And the rest of us pay the tab in the form of higher premiums.
And it doesn't stop with health insurers - the actual providers of health care (doctors, nurses, pharmacists, etc.) are so buried under a mountain of regulations that it is estimated that 40% of the cost of medical care is the result of government mandates and reporting requirements. There are people in the healthcare industry today whose only job is to track "compliance" with all the regulations. It should be noted that these regulations are most often written by people with no education, no training, and no experience in actual medicine.
Naturally, when anyone talks about getting us out of a recession by cutting regulations to free up businesses to expand and start hiring people, the wailing and gnashing of teeth can be heard for miles. Out come the horror stories of water unfit to drink, air too dirty to breathe, and predictions of pandemics due to infected food - in other words, the end of the world as we know it.
But those who want less government and more freedom are just as concerned about clean air and water as anyone, and everyone wants to be confident that the food we eat is reasonably safe. But how much salt or "trans-fats" are in the food we buy is none of the government's business - we are all perfectly capable of deciding, for ourselves, what we eat, and in what quantities.
Unfortunately, a good many people fall for the false promise of "safety" that is the fundamental justification for each new encroachment on our personal freedoms. Yet no one can guarantee that anything is perfectly safe - even today, outbreaks from contaminated food occur on a regular basis, and accidents of all kinds still happen.
And even when an injury or death is a one-in-million fluke occurrence, or the result of abject stupidity by the user of the product, the response from government types is always to pass yet another law, accompanied by the inevitable assurance that passing it will "make sure that a tragedy like this never happens again."
But the reality is that market discipline is far more effective than any law when it comes to making you safe. What?! How can that be?! Without government regulation will not those "evil, greedy capitalists" throw caution to the wind, eager to place us all at risk, just to make a few extra pennies of profit?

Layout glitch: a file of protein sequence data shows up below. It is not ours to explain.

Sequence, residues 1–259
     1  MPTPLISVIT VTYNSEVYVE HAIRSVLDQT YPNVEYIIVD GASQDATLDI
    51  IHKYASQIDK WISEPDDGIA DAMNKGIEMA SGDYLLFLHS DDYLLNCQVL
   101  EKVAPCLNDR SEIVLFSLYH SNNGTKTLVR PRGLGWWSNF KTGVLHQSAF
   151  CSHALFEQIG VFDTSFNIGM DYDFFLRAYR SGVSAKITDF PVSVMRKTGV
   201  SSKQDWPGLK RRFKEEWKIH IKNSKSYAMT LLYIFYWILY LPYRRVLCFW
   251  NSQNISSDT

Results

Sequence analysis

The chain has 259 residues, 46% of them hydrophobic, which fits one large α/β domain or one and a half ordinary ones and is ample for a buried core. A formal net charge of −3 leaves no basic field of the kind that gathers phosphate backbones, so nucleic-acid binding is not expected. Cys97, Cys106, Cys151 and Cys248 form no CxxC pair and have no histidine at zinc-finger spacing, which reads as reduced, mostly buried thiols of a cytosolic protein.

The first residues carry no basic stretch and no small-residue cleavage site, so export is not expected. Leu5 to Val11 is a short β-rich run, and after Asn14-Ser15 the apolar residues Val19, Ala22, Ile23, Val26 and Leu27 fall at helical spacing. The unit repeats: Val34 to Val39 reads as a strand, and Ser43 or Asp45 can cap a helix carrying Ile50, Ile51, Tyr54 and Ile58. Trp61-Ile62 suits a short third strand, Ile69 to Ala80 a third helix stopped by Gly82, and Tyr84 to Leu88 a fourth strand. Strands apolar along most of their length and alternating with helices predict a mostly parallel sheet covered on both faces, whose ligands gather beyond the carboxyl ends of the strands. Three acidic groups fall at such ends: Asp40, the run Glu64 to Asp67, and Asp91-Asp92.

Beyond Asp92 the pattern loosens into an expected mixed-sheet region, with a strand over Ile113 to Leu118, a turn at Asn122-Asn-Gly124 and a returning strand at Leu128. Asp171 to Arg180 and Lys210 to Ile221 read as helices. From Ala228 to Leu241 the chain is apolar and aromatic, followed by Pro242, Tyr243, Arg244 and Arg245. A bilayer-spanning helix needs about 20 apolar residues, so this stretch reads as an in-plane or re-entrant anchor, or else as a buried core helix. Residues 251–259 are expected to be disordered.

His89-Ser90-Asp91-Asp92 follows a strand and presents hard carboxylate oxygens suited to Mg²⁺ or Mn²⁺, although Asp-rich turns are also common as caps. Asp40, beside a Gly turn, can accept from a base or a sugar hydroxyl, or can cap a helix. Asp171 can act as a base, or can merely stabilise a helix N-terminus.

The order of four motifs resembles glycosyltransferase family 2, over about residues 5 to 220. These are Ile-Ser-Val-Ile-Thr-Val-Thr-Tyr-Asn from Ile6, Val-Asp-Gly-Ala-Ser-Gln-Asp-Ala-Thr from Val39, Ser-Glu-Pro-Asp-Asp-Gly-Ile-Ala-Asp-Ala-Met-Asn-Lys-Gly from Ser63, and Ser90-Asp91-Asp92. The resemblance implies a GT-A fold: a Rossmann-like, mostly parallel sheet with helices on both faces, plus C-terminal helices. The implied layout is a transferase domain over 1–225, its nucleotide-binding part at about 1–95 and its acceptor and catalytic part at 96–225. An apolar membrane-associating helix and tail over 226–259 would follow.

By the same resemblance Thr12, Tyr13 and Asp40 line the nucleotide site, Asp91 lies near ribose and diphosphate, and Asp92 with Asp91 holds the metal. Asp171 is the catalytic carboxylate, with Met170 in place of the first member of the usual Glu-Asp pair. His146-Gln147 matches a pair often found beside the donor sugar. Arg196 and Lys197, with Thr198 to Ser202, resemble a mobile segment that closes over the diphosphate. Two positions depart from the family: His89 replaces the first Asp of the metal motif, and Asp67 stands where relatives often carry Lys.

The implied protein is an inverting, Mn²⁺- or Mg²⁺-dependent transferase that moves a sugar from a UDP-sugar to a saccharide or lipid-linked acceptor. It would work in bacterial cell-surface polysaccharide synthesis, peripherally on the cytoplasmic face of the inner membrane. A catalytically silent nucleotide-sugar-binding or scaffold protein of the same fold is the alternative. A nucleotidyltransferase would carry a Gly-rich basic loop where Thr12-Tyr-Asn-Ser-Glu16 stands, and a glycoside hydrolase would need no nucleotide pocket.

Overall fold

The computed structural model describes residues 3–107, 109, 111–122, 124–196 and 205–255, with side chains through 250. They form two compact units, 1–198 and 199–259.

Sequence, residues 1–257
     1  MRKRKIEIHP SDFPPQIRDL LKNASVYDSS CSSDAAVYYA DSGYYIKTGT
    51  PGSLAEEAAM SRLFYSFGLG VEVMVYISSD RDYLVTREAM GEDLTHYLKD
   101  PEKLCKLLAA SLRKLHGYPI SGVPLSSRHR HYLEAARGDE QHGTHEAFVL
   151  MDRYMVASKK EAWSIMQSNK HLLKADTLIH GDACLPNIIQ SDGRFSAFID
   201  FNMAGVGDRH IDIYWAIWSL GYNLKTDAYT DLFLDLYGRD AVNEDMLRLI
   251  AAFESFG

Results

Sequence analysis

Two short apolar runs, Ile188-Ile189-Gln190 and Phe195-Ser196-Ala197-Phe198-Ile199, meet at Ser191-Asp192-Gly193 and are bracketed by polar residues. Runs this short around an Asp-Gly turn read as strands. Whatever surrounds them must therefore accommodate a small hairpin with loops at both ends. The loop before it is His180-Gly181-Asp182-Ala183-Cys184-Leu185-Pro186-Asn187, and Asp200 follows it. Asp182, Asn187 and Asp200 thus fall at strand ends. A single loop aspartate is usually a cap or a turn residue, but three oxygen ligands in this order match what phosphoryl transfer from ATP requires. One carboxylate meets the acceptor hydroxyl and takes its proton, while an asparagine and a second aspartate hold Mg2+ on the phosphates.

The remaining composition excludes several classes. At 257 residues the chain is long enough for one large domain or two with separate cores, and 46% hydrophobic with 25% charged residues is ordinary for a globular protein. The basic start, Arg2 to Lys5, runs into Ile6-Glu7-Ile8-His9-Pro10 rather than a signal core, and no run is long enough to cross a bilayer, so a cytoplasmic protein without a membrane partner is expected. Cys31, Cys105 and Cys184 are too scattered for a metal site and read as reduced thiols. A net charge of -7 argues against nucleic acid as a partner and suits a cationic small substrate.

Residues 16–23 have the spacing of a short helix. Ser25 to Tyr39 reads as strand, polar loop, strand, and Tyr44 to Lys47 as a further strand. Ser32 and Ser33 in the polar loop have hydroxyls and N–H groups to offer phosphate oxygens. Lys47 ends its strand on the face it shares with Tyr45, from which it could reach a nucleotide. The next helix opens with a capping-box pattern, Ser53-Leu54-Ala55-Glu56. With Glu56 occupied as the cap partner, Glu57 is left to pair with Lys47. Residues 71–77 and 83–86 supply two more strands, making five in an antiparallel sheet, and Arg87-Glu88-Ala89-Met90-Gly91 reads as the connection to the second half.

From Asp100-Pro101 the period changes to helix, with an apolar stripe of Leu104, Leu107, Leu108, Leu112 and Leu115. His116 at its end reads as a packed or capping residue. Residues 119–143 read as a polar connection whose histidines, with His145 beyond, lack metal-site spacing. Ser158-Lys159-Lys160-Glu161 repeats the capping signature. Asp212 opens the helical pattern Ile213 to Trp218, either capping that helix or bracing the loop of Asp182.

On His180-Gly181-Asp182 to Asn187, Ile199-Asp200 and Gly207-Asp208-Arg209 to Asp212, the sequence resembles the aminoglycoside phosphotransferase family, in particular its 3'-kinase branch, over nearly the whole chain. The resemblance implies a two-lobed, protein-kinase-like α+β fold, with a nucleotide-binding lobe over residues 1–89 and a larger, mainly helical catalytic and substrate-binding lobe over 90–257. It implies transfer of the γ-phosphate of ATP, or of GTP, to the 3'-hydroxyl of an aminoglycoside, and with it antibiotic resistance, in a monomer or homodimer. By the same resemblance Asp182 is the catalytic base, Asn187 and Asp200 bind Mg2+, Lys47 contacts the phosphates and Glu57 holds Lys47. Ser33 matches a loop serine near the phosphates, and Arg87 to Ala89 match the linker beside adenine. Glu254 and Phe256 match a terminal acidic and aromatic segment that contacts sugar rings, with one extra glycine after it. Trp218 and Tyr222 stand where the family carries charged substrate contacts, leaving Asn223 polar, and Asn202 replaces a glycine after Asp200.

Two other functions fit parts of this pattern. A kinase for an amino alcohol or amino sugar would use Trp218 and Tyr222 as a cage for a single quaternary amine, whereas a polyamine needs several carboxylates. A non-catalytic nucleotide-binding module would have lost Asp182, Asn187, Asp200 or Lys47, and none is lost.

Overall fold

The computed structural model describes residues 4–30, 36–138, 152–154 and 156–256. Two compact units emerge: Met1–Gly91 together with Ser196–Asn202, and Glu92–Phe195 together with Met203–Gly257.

Not really. The fact is that protecting customers is good business. A major food store chain has a vested interest in making sure that the food they sell is as safe as possible. If they don't, they will certainly lose customers, and they are likely to be sued in civil court. You could probably abolish the FDA and see no real change in the incidence of tainted food.
An airline doesn't need Federal regulations to get them to keep their fleet of aircraft in tip-top condition. A crash costs them millions, not just the cost of replacing a $200 Million airplane that is destroyed , but the lost revenue due to passengers who went elsewhere, and once again, the millions in civil liability damages they will have to pay. The big government types would be apoplectic at the suggestion, but the reality is that if all FAA regulations were repealed, it would likely have no measurable affect on airline safety.
Over at the Environmental Protection Agency things have truly gotten out of hand. Far beyond their original stated purpose, the EPA now functions as little more than a propaganda arm for the radical "climate change" movement. The most egregious example of "bureaucrats gone wild" is the EPA's deciding to classify as a pollutant CO2 - you know, that gas you and I exhale, and the same gas that all plants use to convert sunlight to energy...and oxygen.
The truth is that only a tiny fraction of all the regulations that exist today are remotely effective, or even necessary. Their real purpose is to give those in favor of governmental control over your life a means to do so. Unfortunately, every regulation has a cost, which ultimately affects not just the costs of their products, but also how many people a business can afford to hire or keep.
Here in Minnesota, we have a text-book example of the harm that results from over-zealous regulators. Using the phony "threat" of "second-hand smoke" our legislators passed a law banning smoking in all bars and restaurants. The result? To date more than 65 of the city's pubs and restaurants have gone bankrupt, costing many business owners their life savings, and putting hundreds of employees out of work. All because elitist bureaucrats arrogantly believe that they know better than you how you should live your life.
So unless we begin to roll back the mountain of regulations that now hamstring American business, we can look forward to high unemployment, high prices, and ultimately a lower standard of living for our children and grandchildren.